What's hot: Cobia have made appearances at many nearshore wrecks and artificial reefs recently. They respond well to chum and will come right to the boat out of curiosity. Having a rod rigged and ready is necessary, as they can leave as quickly as they show up. A frisky, live pinfish allowed to frantically dive for the bottom will rarely go unnoticed.
Technique: A popular method for hunting cobia is to go from buoy to buoy down the length of the shipping channel searching for fish circling the markers. This technique can be effective, but anglers run the risk of not catching any fish. I prefer to anchor up-tide of a submerged structure, such as wrecks or high-relief reefs, and set up a chum line. Begin with a frozen chum block and supplement the slick with chunks of cut bait and an occasional handful of live minnows. Set out hooked baits, allowing fish to find them naturally, but always have one rod ready to place a bait in front of a cobia when spotted.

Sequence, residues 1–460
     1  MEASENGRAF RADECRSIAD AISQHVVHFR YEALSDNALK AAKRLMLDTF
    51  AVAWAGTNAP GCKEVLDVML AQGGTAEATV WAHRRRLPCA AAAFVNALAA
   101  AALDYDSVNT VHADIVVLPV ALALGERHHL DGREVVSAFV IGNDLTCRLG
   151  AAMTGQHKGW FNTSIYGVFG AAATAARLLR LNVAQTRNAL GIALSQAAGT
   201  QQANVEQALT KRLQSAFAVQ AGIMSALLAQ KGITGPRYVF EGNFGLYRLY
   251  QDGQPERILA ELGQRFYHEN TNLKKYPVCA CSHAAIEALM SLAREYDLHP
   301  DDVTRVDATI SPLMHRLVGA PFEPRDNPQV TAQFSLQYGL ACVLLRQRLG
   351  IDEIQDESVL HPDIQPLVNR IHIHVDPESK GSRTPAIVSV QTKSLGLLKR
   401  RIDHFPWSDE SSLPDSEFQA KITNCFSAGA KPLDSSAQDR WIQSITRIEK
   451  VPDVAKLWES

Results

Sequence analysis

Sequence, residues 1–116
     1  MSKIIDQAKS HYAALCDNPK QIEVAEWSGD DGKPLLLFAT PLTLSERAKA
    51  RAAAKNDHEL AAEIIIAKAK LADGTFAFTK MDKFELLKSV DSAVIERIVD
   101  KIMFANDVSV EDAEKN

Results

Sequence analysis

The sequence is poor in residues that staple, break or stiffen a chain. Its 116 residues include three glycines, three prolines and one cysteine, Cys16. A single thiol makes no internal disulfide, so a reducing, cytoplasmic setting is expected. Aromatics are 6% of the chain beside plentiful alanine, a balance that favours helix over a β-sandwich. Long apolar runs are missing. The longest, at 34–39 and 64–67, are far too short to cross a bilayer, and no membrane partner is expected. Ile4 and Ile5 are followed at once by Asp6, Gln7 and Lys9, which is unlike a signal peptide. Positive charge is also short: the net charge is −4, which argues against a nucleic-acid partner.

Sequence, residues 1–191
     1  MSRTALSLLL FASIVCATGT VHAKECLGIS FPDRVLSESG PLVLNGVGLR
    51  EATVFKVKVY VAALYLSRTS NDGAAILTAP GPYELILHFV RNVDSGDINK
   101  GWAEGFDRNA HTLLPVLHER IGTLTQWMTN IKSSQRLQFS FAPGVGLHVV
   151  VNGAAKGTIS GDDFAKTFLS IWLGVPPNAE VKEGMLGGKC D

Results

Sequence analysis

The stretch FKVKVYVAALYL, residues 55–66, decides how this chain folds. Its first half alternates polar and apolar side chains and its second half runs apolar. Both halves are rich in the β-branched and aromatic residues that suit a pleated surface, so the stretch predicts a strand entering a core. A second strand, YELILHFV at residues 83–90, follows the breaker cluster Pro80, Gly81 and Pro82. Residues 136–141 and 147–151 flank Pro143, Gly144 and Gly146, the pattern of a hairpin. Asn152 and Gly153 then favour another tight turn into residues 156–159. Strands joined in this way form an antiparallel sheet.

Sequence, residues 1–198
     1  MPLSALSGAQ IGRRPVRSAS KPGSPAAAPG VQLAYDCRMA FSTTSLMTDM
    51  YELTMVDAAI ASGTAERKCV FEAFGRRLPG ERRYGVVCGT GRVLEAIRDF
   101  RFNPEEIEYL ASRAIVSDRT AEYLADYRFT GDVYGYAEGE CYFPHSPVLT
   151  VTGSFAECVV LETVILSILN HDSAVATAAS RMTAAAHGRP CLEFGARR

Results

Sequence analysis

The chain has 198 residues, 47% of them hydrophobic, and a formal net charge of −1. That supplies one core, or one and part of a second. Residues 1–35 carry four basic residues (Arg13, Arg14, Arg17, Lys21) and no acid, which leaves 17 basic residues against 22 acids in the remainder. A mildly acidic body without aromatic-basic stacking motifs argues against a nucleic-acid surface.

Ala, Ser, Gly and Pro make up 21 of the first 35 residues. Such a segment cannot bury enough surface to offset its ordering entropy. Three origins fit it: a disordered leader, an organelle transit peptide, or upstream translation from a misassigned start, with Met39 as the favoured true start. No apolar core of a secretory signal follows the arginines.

Tips: Many other species also are attracted by the chum, providing excellent action while waiting for cobia to show. Spanish mackerel, kingfish, barracuda, bonito and sharks all will take baits presented on the surface. Dropping baits to the bottom will produce grouper, snapper, flounder, white grunts and more.
Brent Gaskill runs Summer Vacation Charters out of the St. Petersburg area and can be reached at firstname.lastname@example.org and (727)510-1009.